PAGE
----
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The BEA's current account data contained two surprises. One that I expected. Another that I did not.
The "expected" surprise was that the 2005 and 2006 data looks to have been revised to show much (and I mean MUCH) higher central bank purchases of US assets. The "unexpected" surprise -- at least to me -- was that the data on income payments was also revised down quite significantly and a result of the large change in the income balance, both the 2005 and 2006 current account deficit were revised down. The latest data puts the 2006 deficit at close to $810b, well below the $855 in the last BEA release.
The q1 income balance was consistent with the revised 2006 income balance. The ongoing surplus in the income balance offset a portion of the trade deficit, contrary to my expectations. As a result, the overall q1 current account deficit ($193b) was somewhat lower than I expected.
My guess is that both changes reflect, at least in part, the data in the most recent "survey" of foreign portfolio investment in the US. The June 2005 to June 2006 survey showed two things. One was a much larger increase in "official" holdings of US debt than had been reported in the ongoing "TIC data." and the other was a much smaller overall increase in foreign holdings of US debt than reported in the TIC data.
Daniel Gros of the Center for European Policy Studies has argued that the fact that a certain amount of US debt sold to foreigners "disappears" every year after the survey -- he calls this "disappearing into a black hole" -- is evidence that the US current account deficit is underreported. Others argue that this "statistical manna from heaven" (See John Kitchen and Bill Cline) shows that the US current account deficit can be sustained for far longer than pessimists think - as ongoing trade deficits simply haven't produced either a significant deterioration in the United States net international investment position (the broadest measure of the US external position -- one that includes equity investments as well as debt) or the United States income balance.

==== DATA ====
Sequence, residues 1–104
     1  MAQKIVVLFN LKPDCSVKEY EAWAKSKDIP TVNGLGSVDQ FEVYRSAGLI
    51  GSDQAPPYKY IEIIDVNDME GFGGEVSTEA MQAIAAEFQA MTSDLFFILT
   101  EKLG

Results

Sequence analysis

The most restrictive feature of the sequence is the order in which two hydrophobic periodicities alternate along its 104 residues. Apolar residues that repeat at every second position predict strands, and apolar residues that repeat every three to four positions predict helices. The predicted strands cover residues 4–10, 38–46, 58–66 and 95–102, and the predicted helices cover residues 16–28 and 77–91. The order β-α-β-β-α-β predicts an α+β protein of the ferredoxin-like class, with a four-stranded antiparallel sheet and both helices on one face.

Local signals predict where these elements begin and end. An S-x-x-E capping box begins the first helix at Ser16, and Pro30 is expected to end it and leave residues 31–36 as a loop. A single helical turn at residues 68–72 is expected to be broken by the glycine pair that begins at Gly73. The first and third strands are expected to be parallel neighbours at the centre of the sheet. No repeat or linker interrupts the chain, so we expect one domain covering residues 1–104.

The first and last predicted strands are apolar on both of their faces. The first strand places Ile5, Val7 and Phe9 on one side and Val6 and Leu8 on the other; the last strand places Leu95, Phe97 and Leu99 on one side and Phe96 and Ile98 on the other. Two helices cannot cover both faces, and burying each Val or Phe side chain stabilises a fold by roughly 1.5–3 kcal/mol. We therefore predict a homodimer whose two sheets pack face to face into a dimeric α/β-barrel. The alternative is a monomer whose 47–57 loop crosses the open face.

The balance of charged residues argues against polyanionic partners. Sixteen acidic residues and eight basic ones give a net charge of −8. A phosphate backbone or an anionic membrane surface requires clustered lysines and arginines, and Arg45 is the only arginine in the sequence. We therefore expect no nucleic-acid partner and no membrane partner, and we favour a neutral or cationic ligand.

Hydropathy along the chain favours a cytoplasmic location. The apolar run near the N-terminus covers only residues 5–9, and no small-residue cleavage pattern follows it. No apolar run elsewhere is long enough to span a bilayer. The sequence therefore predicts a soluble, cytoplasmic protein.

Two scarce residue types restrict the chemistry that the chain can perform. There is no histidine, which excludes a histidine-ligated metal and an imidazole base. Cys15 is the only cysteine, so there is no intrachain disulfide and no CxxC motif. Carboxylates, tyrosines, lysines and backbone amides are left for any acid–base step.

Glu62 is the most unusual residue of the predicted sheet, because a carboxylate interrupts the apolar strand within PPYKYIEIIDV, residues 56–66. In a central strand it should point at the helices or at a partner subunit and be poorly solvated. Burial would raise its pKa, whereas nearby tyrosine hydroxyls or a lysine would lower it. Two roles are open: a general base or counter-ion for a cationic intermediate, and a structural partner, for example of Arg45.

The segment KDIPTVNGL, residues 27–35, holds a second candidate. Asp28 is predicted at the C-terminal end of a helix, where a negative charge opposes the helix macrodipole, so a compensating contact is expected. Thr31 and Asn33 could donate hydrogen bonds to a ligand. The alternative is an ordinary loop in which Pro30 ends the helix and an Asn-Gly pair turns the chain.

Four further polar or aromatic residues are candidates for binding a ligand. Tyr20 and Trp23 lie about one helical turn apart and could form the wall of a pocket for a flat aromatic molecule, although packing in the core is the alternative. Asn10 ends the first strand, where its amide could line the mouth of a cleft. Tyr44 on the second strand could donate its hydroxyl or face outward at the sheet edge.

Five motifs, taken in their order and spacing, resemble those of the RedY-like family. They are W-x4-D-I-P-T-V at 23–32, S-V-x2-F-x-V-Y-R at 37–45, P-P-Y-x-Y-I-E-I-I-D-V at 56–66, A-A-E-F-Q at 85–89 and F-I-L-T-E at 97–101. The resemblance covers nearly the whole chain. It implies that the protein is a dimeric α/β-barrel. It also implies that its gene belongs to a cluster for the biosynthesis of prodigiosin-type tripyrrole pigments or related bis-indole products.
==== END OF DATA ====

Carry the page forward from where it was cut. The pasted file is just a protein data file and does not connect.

That said, the revisions to the income balance seem to come far more from more interest income on US lending than from lower payments on US borrowing -- and above all from higher dividend income (counting reinvested earnings) on US direct investment abroad and lower dividend payments (counting reinvested earnings) on foreign investment in the US. And the changes in the "income" of US direct investment abroad and foreign direct investment in the US do not fall out of the survey.
There is little doubt that the data on "official purchases" were revised quite significantly. The last release for 2006 showed "official purchases" of $200b in 2005 and $300b in 2006. (data here) The revised data puts official purchases at $270b in 2005 and a rather impressive $440b in 2006. That is a big change, but one that is very consistent with my world view. I have consistently argued that the US data tends to understate ongoing central bank inflows to the US.